free music

Very cool. Yesterday I used my alloted Fregal Sony free music downloads to get three tracks I have on vinyl in MP3 form. Fregal allows three DRM free downloads a week.

The record is “The Varese Album.” It’s a two record set issued in the 60s and conducted by Robert Craft. There are ten tracks. I downloaded “Ionisation, for 13 Percussionists,” “Density 21.5, for flute solo,” “Deserts for brass, percussion, piano & tape.” I played these yesterday and Eileen commented that she liked them. They are abstract works and do like them quite a bit.

Varese was a favorite of Frank Zappa’s and I’m reasonably sure that’s how I was introduced to his work. Zappa used to put a quote by Varese on his albums: “The present day composers refuse to die.” I always thought it was a joke. Of course they refuse to die. By definition they are alive if they are in the present day. But apparently Zappa was quite serious about it.

As a young man, Zappa telephoned his idol, Varese, who was living in New York.

Here’s his description from a 1971 Stereo Review article:

“On my fifteenth birthday my mother said she’d give me $5. 1 told her I would rather make a long-distance phone call. I figured Mr. Varese lived in New York because the record was made in New York (and be- cause he was so weird, he would live in Greenwich Village). I got New York Information, and sure enough, he was in the phone book.

His wife answered. She was very nice and told me he was in Europe and to call back in a few weeks. I did. I don’t remember what I said to him exactly, but it was something like: “I really dig your music.” He told me he was working on a new piece called Deserts. This thrilled me quite a bit since I was living in Lancaster, California then. When you’re fifteen and living in the Mojave Desert and find out that the world’s greatest composer, somewhere in a secret Greenwich Village laboratory, is working on a song about your “home town” you can get pretty excited. It seemed a great tragedy that nobody in-Palmdale or Rosamond would care if they ever heard it. I still think Deserts is about Lancaster, even if the liner notes on the Columbia LP say it’s something more philosophical.”

I love that story.

So I met with Linda Graham, the mastermind behind the local expression of the upcoming Global Water Dances. Even before we discussed my piece, I could see that she needed something different for the dance. So I came up with the idea of writing another piece for her dance design.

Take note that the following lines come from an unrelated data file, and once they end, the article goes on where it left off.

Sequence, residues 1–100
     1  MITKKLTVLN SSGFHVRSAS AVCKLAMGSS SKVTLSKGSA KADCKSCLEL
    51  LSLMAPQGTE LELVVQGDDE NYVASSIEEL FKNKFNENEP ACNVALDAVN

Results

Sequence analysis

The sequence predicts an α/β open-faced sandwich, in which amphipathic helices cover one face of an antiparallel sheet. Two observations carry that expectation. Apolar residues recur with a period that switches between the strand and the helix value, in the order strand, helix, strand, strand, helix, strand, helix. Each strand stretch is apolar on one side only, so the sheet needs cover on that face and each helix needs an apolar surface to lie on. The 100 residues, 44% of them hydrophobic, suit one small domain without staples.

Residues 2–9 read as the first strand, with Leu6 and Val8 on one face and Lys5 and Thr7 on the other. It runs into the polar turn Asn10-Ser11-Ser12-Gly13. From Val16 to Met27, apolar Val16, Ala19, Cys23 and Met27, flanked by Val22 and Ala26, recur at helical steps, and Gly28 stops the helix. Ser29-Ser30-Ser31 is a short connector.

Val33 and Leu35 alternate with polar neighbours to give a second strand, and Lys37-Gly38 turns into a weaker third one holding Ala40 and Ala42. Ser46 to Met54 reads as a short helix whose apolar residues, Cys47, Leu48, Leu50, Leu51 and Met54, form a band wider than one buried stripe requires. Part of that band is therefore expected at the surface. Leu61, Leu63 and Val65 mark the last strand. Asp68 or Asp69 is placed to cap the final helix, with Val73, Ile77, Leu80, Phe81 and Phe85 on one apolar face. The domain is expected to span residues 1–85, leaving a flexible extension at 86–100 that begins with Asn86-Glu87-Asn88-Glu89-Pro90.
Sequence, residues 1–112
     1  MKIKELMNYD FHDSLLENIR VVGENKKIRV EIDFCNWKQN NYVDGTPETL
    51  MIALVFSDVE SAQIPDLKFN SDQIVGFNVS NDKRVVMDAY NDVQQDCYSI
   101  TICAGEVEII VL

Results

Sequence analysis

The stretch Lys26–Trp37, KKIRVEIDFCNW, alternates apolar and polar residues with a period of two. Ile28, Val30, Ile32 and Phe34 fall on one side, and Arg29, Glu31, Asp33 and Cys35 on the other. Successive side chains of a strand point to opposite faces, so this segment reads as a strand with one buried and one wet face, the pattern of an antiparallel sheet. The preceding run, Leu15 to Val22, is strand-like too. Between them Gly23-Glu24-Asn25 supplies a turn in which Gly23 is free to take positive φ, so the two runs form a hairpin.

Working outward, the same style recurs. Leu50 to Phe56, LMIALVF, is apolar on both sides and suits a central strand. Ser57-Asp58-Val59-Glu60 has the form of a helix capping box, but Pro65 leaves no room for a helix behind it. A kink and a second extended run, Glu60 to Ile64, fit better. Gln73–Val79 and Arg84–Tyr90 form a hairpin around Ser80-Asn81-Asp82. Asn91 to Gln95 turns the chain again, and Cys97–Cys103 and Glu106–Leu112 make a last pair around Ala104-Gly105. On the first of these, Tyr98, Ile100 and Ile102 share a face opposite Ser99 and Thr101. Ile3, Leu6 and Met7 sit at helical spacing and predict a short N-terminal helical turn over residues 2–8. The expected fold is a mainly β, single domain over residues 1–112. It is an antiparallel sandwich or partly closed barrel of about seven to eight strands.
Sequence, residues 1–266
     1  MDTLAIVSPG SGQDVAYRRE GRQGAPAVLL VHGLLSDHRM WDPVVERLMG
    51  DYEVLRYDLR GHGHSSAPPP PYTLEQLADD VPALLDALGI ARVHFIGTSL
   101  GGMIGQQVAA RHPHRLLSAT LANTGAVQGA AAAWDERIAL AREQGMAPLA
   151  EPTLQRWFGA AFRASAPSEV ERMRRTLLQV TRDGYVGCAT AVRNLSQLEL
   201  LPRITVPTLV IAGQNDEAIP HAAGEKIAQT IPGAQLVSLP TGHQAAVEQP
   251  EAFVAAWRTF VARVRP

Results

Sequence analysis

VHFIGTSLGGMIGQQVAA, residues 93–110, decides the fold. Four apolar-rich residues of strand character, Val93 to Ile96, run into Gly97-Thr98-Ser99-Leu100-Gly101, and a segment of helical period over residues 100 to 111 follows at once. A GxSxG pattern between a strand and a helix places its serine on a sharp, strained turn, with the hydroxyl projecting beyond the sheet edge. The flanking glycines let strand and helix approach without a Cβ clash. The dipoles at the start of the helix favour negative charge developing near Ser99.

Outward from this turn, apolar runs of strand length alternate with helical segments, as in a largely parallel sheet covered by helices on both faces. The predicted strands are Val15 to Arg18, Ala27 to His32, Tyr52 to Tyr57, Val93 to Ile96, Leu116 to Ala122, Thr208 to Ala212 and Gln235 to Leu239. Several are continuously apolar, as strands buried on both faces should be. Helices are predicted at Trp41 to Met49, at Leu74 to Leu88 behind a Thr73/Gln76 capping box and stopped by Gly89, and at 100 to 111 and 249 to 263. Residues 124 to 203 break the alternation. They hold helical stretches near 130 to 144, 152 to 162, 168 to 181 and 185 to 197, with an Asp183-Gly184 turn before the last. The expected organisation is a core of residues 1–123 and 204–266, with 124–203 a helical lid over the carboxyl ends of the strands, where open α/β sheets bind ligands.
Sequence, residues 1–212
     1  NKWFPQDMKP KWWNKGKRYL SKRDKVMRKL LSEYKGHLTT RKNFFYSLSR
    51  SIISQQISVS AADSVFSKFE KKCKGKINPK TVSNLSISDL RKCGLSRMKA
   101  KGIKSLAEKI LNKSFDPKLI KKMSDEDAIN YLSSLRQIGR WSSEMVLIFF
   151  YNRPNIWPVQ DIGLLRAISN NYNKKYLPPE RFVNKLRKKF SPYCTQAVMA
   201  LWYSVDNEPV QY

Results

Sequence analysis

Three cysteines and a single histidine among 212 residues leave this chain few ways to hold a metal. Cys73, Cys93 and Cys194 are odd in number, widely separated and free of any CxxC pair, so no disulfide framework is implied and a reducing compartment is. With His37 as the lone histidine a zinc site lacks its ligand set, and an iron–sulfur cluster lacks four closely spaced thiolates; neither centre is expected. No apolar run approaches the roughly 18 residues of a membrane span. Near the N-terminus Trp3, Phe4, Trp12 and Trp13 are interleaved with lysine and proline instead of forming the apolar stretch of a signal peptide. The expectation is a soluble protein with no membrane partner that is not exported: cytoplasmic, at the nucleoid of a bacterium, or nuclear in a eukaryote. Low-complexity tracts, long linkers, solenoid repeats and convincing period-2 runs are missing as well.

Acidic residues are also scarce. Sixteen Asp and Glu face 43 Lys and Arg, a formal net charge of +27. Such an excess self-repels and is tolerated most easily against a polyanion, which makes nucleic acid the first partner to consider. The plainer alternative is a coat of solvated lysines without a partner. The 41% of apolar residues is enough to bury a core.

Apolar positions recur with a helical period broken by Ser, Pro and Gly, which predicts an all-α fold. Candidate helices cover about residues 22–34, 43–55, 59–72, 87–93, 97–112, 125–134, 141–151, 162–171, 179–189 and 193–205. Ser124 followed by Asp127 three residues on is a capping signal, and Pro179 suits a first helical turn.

Now I am thinking of the new piece as a second movement of three. “Easy on the Water” would make a good first movement. I am calling the new piece, “Ebb and Flow.” Haven’t worried too much about what the third one will be because I need to concentrate on getting “Ebb and Flow” written quickly so it can be learned and rehearsed, hopefully with the dancers.  At this writing I have worked out the four sections of the piece the dancers will need. FWIW, here they are:

I. The Dance Begins

Dancers join as the dance moves back and forth.

II. Thought Moment

Individual dancers drop out and freeze and then rejoin.

III. Dance Moment

Individual dancers drop out and dance, then rejoin.

IV. Dolphins Dance

All burst into the water!

I have the first section done. For the other sections I have a measure or two written which I now need to flesh out.


Wills watching by Michael McDonald – The New Criterion

“Wills” is the author, Gary Wills. “Wills watching” is what the staff of William Buckley’s National Review used to call keeping track of him after he defected from the right to the left.

This is a review of Wills’s new memoir, Outside, Looking In. Though McDonald certainly sees Wills (and the world for that matter) much, much differently than I do, it is an interesting review. I read the introduction and part of the first chapter online. It looks like a good read to me.

I found this little tidbit interesting:

“… [I]n his new book, Wills castigates Buckley for having “poisoned the general currency” of the word “oxymoron.” Buckley, per Wills, thought it was a fancier word for “contradiction” and, as a result, legions of conservatives are now wont to say, as Buckley first did, that an “intelligent liberal is an oxymoron.” But Wills observes that the Greek word means something quite different: something that is surprisingly true, a paradox, a “shrewd dumbness.” Point taken: definitional precision matters.

I didn’t know that about “oxymoron.” Very cool.


Letter of Hitler’s First Anti-Semitic Writing May Be the Original –

I find historical research and artifacts fascinating.


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